Many people were surprised former journeyman punter Michael Palardy earned a roster spot over veteran Andy Lee as the Carolina Panthers’ season began.
After the first two games, though, those people have disappeared.
Palardy is sixth in the NFL in net punting with an average of 43.7 yards per game, with a 58-yard long. Opposing returners have only accumulated 11 yards against his punts.
He has quietly become a field-flipping weapon for the Panthers, at a position in which the value is often overlooked.
But in tight games, like Carolina’s 9-3 victory against the Buffalo Bills last week, every inch of turf a punter can take away from an opposing offense matters – and the talents of a directional punter become ever more valuable.
That’s where Palardy excels. On Sunday, he showed his versatility by pinning speedy return specialist Kaelin Clay back with a shorter punt that hung high in the air to force Clay to make a fair catch. Later in the game, he booted a 55-yarder that was muffed by Clay (a holding penalty called on Buffalo further helped push the Bills backward).
Palardy also had to come out when quarterback Cam Newton was knocked backwards and out of field goal range on a third-down sack, and with the help of gunner Russell Shepard, dropped the ball on the 2-yard line – giving Buffalo a long way to go on offense.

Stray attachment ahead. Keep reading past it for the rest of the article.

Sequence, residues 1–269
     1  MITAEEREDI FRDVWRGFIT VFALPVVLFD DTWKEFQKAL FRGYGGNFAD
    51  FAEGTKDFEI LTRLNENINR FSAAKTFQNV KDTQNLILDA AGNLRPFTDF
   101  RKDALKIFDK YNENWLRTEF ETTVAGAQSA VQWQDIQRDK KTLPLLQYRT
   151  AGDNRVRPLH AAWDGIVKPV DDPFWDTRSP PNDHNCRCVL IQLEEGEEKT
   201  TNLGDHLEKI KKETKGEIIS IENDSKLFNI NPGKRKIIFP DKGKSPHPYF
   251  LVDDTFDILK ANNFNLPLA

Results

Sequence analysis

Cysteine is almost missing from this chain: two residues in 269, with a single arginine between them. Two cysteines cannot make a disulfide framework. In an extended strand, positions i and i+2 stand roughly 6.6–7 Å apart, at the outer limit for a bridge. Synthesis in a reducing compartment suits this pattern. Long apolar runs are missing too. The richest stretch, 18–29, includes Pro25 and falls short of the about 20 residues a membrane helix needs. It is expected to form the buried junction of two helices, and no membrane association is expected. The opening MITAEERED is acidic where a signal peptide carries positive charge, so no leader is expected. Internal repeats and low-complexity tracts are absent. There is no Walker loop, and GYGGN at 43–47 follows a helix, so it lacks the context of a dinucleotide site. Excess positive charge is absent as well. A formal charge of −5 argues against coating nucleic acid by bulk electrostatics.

Palardy’s preparation, said long snapper J.J. Jansen, is what sets him apart.
Jansen calls the way Palardy prepares for a game “punt-passing.”
“So, he really treats a football like he’s throwing a pass,” said Jansen. “And that gives him a high proficiency at not only directional close to the sideline, but plus-50 (yards) work, and we spend a lot of time on that during the week with our gunners on that.”
Palardy also prefers live situational analysis through the game.
“I don’t spend a lot of time kicking in the net,” said Palardy. “I like to try to stay as fresh throughout the game as possible. I try to mentally prepare myself as I see the offense move down the field. I kind of play those scenarios in my head – (including hash-mark position, wind direction and volume as the team completes each play) – and so, you’re really paying attention to those types of little details in the game so that before you run out, you’re already prepared for what it is that you have to do.”
It was tough for the amiable Palardy to not become frustrated over the last few years, as he jumped from team to team. At one point, the only work he had was a honey-do list from his fiance.
But after getting signed halfway through the 2016 season by Carolina when Lee tore his hamstring, Palardy has stuck. And he thinks that getting thrown into a preseason punting competition with Lee was the best thing that could have happened for him.
“A lot of people see the journey I’ve traveled, and naturally they think it’s inconsistency, or ‘he’s not good enough’ or whatever it is. But for me, I’ve never been put in a situation where I’ve been able to compete for a job,” he said.
“I’ve always been behind guys that have established themselves. ...And it’s been great to learn from them. But sometimes (people) see that journey and they think, ‘Oh, he’s not good enough because he’s been on 10 teams in four years.’
“To be able to go out there and be in my own zone and do what I know how to do...I think I have a lot of confidence in myself to be able to perform. And hopefully, in 14 more games, I can do that for this team and help them win.”
4th and long (punts)
NFL’s net punting leaders